2. Bank Fees. Banks have found plenty of ways to cash in on fees, and many act as cash parasites on your accounts. Case in point: overdraft fees. Before 2010, many banks automatically equipped accounts with overdraft protection, resulting in an average charge of about $35 for each transaction that put a customer in the red.
However, after enactment of the Overdraft Protection Law, banks were required to get customers to opt in to receive the “protection.” A 2014 study conducted by the Consumer Financial Protection Bureau found that opted-in customers paid seven times more in overdraft and nonsufficient-funds fees than those who hadn’t opted in.
If you’re paying a monthly fee simply to access your funds or for services you don’t need, it’s time to re-evaluate how you bank and whom you bank with.
3. Energy Hogs. Energy costs typically vary throughout the year. But the change in price isn’t always a direct reflection of the weather. It can also display the energy-saving efforts you have or haven’t taken at home. Programmable thermostats, for example, create a contented environment when it matters most — when you’re actually at home. During the winter, thermal curtains or draft stoppers can keep the hot air inside, and closing your shades during the summer will keep things cool. If your heat or air conditioning is overworking during the hours you’re away, you could be wasting hundreds of dollars each year. Other overlooked energy suckers that could be breaking the bank slowly, are outdated appliances and incandescent light bulbs.
4. Subscriptions and memberships. Subscription services are easy to sign up for, but most of us aren’t as quick to put a stop to them when they’re no longer useful — probably because a $10 monthly charge isn’t a noticeable enough hit to our checking accounts. But if you’ve signed up for more than one of these services, whether it’s getting razors in the mail or a cooking magazine you never crack open, those small fees can quickly add up. Take a moment to audit your subscriptions and say goodbye to the ones you no longer use.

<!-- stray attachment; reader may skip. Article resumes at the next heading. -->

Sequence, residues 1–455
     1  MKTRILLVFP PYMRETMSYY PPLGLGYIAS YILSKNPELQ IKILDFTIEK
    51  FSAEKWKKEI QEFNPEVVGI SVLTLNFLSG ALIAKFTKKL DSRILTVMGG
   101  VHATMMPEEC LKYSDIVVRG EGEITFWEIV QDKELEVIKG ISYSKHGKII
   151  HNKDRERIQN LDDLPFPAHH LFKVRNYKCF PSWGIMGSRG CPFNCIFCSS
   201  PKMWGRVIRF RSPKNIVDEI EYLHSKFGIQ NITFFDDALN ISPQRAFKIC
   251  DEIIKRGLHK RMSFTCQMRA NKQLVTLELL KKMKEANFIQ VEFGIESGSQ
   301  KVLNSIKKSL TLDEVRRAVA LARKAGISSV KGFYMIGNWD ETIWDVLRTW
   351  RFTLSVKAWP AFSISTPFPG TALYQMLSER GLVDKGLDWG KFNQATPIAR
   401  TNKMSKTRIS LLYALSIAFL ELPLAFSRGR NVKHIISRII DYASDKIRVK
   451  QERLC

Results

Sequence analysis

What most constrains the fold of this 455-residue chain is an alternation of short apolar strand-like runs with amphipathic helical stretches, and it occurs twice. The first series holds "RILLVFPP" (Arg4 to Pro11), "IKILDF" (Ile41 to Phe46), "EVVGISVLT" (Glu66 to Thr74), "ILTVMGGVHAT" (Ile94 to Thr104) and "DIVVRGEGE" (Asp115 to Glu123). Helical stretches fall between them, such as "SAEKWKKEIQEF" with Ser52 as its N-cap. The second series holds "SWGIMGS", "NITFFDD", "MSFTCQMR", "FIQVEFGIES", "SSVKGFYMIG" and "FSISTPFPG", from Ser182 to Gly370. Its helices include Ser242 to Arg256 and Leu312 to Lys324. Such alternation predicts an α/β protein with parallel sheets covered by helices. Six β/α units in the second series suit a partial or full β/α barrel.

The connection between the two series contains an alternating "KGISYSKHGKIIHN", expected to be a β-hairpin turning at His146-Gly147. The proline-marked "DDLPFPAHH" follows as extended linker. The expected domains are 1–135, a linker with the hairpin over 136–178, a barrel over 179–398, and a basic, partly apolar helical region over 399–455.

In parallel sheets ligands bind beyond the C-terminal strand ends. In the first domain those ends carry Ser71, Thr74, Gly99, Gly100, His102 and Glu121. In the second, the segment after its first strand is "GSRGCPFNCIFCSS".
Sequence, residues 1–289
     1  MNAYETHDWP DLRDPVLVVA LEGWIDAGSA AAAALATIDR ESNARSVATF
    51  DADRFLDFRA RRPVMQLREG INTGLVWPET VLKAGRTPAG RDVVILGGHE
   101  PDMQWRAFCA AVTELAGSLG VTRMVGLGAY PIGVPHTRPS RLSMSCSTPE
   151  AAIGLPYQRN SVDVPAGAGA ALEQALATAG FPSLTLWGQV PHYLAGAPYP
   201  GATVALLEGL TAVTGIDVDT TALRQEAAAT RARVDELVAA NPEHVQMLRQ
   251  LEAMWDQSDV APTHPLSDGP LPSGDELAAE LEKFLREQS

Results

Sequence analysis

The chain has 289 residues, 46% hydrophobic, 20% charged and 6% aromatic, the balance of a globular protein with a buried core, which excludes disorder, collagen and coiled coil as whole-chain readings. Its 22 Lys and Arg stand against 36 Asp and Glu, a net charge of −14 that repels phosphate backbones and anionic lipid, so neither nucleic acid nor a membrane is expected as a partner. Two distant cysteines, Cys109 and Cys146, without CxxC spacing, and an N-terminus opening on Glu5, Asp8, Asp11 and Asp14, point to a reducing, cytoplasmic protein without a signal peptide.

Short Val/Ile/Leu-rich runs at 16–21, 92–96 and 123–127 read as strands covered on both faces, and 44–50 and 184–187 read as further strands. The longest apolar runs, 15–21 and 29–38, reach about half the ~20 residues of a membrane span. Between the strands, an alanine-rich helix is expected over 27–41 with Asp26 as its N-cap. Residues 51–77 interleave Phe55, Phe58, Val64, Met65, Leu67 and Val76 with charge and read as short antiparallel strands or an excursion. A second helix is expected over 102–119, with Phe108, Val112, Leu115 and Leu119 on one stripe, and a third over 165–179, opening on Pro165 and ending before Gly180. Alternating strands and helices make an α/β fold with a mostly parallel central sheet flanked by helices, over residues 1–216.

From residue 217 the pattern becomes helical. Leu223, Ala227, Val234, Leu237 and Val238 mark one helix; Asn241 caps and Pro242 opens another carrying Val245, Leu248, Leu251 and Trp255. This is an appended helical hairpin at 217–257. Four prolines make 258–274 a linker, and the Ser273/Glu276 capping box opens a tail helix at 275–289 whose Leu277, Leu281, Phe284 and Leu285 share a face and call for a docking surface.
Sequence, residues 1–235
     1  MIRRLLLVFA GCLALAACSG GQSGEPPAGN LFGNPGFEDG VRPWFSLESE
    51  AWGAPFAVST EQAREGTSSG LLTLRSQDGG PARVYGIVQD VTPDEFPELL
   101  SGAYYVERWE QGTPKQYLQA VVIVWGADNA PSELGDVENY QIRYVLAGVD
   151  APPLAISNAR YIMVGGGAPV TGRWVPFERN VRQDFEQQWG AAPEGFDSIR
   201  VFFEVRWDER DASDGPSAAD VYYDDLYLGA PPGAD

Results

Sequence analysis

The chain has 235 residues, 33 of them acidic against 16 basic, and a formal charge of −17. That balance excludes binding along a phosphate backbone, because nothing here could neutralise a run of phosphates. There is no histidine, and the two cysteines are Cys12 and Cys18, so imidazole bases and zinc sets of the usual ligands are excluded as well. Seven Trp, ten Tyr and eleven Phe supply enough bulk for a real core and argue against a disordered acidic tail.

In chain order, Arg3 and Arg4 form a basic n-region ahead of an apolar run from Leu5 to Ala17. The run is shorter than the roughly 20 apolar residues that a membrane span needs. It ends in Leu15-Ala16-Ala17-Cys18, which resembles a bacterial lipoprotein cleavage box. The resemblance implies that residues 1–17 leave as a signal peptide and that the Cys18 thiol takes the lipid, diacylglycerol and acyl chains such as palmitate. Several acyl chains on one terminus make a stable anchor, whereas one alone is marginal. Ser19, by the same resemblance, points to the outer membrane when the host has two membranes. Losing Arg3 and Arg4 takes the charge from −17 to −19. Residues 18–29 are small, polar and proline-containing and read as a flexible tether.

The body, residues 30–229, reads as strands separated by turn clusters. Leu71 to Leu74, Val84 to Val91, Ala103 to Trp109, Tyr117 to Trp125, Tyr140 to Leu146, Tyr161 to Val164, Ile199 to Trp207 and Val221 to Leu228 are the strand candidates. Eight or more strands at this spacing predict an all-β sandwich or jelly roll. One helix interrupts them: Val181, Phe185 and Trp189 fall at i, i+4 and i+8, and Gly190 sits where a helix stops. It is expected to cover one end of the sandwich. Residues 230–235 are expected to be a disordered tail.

Another potential money drain is a gym membership. If you joined with the January crowd but didn’t stick to your gym routine, it may be time to look into the financial benefits of canceling your membership and searching for apartments with fitness centers or even investing with an upfront, one-time fee for a workout application.
5. Price Creep. Cable and internet providers are frequent culprits of “price creep.” New-customer pricing eventually expires and sometimes fees get attached incorrectly. If you aren’t paying attention, you could be paying far beyond your budgeted amount.
Just remember: every little bit helps! With a little planning and some thoughtful decision making, your bank account could become much healthier. Just put these tips to work and plug up those money leaks.
– See more at: https://www.trulia.com/blog/are-invisible-money-leaks-draining-your-account/#sthash.SDy5usW6.dpuf